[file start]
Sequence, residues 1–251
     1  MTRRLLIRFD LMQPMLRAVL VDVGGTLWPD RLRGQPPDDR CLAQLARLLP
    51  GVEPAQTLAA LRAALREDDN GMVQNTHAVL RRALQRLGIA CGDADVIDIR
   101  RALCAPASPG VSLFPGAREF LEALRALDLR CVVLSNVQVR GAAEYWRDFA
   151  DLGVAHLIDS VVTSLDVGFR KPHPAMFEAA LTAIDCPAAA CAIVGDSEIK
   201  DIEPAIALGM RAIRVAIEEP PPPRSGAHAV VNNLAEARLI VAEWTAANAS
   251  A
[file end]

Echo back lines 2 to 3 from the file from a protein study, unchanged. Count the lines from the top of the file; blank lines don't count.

     1  MTRRLLIRFD LMQPMLRAVL VDVGGTLWPD RLRGQPPDDR CLAQLARLLP
    51  GVEPAQTLAA LRAALREDDN GMVQNTHAVL RRALQRLGIA CGDADVIDIR